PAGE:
Date of this Version
Bruning, Lauren C. Coming and Going: Identity, Institutions, and the United Kingdom's Resistance to the European Union. Undergraduate Honors Thesis. University of Nebraska-Lincoln. March 2019.
In 2016, the United Kingdom voted to leave the European Union, a decision widely known as ‘Brexit’. This analysis compares two competing theories – institution and identity – to explain why. Four historical events, chronologically ordered from 1945 to 2016, are examined with both identity and institution analysis to explain British integration and its subsequent withdrawal from the European Union. Through this analysis, one can conclude the United Kingdom’s decision to withdraw in 2016 stemmed from a variety of reasons, but each of these can be explained by identity (a sense of nationalism), or institution (EU relationships).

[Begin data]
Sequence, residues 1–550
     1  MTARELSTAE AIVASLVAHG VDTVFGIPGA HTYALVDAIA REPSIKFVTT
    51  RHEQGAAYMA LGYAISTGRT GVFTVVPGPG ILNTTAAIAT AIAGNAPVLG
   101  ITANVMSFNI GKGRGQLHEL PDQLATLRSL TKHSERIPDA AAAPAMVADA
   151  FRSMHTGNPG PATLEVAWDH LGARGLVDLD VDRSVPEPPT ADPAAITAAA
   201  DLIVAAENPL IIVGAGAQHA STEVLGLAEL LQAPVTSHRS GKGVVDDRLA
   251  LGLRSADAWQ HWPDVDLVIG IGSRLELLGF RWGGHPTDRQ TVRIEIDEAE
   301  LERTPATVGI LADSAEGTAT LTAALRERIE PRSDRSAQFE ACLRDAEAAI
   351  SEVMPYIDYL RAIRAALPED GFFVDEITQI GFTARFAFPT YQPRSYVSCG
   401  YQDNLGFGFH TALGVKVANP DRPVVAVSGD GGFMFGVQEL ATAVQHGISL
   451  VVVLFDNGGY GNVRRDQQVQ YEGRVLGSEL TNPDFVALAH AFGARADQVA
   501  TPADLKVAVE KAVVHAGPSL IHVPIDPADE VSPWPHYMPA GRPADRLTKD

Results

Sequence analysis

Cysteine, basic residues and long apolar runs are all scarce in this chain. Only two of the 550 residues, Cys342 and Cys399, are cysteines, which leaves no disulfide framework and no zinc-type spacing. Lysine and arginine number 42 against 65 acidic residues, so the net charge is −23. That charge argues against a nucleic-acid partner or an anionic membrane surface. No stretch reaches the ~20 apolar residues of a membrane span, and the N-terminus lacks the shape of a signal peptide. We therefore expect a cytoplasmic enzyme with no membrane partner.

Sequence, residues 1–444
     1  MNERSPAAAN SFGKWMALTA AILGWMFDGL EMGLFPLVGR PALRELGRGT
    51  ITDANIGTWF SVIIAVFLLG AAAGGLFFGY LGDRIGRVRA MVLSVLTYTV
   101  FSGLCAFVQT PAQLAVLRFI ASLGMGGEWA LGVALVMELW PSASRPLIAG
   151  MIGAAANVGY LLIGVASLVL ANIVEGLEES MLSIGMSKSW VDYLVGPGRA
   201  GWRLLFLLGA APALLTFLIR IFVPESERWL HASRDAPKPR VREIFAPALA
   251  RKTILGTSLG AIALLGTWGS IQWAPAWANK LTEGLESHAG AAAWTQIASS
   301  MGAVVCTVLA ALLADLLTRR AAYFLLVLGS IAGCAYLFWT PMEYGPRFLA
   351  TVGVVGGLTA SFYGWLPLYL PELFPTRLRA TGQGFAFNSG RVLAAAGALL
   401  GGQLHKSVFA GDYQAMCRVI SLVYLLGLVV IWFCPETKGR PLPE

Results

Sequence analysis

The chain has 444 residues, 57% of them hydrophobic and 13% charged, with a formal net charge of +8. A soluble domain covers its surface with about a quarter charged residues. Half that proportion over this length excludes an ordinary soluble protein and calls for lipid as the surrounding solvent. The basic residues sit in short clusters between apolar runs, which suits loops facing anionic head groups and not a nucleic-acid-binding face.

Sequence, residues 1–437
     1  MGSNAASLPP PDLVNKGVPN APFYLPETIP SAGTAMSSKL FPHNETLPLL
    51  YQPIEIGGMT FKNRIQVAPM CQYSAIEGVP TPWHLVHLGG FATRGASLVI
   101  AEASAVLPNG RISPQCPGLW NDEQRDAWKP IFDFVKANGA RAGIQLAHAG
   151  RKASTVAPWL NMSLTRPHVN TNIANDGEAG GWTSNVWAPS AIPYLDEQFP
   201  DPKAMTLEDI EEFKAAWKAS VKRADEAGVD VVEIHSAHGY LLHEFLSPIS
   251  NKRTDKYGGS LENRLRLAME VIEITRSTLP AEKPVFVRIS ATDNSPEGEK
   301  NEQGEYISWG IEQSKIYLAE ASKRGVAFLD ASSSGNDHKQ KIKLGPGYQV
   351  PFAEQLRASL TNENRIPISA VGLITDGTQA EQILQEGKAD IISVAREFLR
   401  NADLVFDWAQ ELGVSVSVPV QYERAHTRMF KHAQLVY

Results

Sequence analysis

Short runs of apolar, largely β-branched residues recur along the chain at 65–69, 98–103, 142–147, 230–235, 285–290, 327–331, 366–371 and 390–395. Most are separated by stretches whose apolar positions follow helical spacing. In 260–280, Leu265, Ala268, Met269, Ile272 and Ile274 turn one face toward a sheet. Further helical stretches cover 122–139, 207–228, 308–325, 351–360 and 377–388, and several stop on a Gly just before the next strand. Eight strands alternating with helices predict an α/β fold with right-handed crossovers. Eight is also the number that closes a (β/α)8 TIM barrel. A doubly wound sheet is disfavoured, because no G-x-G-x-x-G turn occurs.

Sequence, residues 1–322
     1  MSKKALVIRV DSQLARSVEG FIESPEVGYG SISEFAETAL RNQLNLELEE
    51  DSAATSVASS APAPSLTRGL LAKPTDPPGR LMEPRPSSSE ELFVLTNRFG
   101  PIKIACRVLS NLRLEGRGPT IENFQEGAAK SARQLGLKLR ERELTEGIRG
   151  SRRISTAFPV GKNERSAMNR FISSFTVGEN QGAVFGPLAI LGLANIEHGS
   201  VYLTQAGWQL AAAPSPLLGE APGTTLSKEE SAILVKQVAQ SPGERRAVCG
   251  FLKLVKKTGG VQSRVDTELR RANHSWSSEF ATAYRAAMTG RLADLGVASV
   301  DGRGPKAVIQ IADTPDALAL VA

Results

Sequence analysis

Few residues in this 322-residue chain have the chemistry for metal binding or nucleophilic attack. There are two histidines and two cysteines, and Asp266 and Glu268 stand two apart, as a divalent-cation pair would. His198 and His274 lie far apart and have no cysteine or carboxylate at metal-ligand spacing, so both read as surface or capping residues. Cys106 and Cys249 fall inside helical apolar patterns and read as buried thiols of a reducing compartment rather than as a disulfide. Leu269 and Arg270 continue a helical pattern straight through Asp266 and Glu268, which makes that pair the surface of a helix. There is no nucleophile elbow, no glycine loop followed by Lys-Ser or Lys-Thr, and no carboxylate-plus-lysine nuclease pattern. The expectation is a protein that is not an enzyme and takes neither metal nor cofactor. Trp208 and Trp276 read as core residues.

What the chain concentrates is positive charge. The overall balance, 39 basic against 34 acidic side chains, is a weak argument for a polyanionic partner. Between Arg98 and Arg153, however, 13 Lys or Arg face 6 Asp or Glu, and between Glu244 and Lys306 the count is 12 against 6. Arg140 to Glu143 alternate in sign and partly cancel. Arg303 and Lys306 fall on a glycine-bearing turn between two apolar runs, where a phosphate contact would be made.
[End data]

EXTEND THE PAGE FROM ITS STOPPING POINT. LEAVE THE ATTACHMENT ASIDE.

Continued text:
Nationalism around the world has increased exponentially in recent years, evolving from small grassroots factions into major political parties. This ideology has formed a sense of identity in the United Kingdom that differs from EU governance. British pride and disassociation from a European identity have also caused sociological differences that sparked and energized the Brexit movement.
The relationship between the United Kingdom and the European Union is complex. The United Kingdom was never institutionalized with other member states to possess the same values, norms, or legal system, and historically, they have shown diverging interests and a rocky relationship.